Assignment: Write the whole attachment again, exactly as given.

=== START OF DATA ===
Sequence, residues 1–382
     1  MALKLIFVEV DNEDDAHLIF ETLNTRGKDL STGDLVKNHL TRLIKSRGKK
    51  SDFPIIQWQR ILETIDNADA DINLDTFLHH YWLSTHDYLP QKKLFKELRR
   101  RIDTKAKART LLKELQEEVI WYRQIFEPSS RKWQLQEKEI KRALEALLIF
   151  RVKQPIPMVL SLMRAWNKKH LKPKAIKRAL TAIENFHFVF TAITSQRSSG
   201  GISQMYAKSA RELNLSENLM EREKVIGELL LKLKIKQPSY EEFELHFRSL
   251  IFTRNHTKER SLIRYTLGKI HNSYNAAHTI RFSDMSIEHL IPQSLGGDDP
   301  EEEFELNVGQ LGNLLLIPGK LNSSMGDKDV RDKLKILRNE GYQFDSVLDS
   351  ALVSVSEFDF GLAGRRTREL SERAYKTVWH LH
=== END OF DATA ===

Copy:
Sequence, residues 1–382
     1  MALKLIFVEV DNEDDAHLIF ETLNTRGKDL STGDLVKNHL TRLIKSRGKK
    51  SDFPIIQWQR ILETIDNADA DINLDTFLHH YWLSTHDYLP QKKLFKELRR
   101  RIDTKAKART LLKELQEEVI WYRQIFEPSS RKWQLQEKEI KRALEALLIF
   151  RVKQPIPMVL SLMRAWNKKH LKPKAIKRAL TAIENFHFVF TAITSQRSSG
   201  GISQMYAKSA RELNLSENLM EREKVIGELL LKLKIKQPSY EEFELHFRSL
   251  IFTRNHTKER SLIRYTLGKI HNSYNAAHTI RFSDMSIEHL IPQSLGGDDP
   301  EEEFELNVGQ LGNLLLIPGK LNSSMGDKDV RDKLKILRNE GYQFDSVLDS
   351  ALVSVSEFDF GLAGRRTREL SERAYKTVWH LH